Turkish President Recep Tayyip Erdogan says Turkey is aiming to develop the defence industry and protect peace in the region.
Turkish President Recep Tayyip Erdogan said on Sunday thatf US President Donald Trump has the authority to waive sanctions on Turkey for its purchase of S-400 Russian air defence systems and should find a "middle ground" in the dispute.
In a meeting with chief editors of prominent newspapers and TV channels in Istanbul, Erdogan emphasised that Turkey is only seeking to guard its national interest.
"We are not preparing for war by purchasing the S-400s. We are trying to guarantee our own national security interests and peace. This is the utmost goal of all our steps - to improve our defence industry," Erdogan said.
“A quarter-century ago Bosnia and Herzegovina and Kuwait; and in recent history, Iraq, Syria, Ukraine, Yemen and Qatar and the problems caused by Israel's expansionism in the region all show what kind of result you can face when you are not strong," Erdogan continued.
Speaking on the delivery of the S-400's President Erdogan said: "Hopefully, we will complete part of this by the end of this year, and finish it by April next year."
Erdogan's comments came two days after NATO member Turkey took delivery of the first consignment of advanced Russian S-400 missile defence system parts, despite warnings from Washington that the move would trigger US sanctions.
Trump "has the authority to waive or postpone CAATSA", referring to US sanctions designed to prevent countries buying military equipment from Russia.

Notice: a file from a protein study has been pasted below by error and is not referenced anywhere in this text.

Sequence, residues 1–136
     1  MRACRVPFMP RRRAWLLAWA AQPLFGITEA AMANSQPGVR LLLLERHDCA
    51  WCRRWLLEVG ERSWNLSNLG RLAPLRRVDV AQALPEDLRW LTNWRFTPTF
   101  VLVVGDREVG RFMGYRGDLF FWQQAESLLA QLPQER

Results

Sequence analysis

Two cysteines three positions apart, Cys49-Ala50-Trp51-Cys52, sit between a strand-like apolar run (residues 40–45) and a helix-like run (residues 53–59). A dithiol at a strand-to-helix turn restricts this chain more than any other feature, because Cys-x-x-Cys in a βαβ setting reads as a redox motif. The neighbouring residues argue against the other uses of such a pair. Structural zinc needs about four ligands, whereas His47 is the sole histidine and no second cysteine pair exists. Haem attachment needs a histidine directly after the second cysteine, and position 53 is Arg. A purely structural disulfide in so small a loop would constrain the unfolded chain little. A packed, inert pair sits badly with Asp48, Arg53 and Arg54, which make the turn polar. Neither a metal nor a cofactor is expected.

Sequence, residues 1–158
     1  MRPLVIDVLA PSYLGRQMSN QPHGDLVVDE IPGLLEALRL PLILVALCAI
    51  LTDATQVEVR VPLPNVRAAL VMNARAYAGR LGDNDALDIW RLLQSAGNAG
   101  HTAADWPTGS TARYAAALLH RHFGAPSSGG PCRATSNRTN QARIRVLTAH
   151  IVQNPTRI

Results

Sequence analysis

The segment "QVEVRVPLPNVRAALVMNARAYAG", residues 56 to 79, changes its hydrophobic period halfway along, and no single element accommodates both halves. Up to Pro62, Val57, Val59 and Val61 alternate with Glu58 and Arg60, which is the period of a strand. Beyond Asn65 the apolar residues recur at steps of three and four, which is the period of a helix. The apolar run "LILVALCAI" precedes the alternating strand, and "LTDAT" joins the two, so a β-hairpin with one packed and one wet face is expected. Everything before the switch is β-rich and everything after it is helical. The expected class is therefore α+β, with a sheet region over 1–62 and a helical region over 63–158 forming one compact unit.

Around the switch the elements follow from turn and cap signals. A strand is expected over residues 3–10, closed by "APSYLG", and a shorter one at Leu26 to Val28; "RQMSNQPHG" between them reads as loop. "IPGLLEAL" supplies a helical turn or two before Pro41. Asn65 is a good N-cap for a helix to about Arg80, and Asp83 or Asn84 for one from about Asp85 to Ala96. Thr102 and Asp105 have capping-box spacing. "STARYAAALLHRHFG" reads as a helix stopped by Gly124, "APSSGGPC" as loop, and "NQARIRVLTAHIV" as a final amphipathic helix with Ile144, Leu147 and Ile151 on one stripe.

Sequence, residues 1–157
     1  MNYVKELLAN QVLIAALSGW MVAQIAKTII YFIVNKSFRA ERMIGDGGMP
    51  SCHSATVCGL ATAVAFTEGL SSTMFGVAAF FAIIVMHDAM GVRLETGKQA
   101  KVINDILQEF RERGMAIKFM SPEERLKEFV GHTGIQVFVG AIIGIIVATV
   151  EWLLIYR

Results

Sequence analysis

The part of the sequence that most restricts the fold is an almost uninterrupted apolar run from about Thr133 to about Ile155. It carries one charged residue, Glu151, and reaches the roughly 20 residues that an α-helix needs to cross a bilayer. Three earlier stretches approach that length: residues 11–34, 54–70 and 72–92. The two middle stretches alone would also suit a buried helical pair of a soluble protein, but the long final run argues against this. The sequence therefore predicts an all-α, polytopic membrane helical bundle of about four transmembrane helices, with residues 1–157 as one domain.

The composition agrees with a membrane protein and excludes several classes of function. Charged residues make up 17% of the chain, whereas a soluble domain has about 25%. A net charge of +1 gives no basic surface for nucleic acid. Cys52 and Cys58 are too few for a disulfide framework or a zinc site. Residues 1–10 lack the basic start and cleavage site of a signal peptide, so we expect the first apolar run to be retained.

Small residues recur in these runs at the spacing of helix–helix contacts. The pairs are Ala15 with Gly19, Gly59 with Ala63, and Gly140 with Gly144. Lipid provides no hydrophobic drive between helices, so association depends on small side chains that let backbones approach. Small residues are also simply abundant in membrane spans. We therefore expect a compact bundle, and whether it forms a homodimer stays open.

"Since this is the case, it is Trump who needs to find the way forward," Erdogan said.
Trump expressed sympathy for Turkey's position when he met Erdogan at a G20 summit in Japan last month, saying Ankara had bought the S-400s from Moscow because the previous US administration would not sell it Patriot missiles.
Following protracted efforts to purchase an air defence system from the US with no success, Ankara signed a contract in 2017 to purchase the Russian S-400s.
US officials suggested that Turkey buy US Patriot missiles, arguing the Russian system would be incompatible with NATO systems and expose the F-35s to possible Russian subterfuge.
Turkey, however, emphasised the S-400 would not be integrated into NATO systems and would not pose a threat to the alliance.
Turkey has urged the formation of a commission to clarify any technical issues, but the US has failed to respond to this proposal.
The US has threatened sanctions over the purchase, with Turkey responding that any sanctions would be met in kind.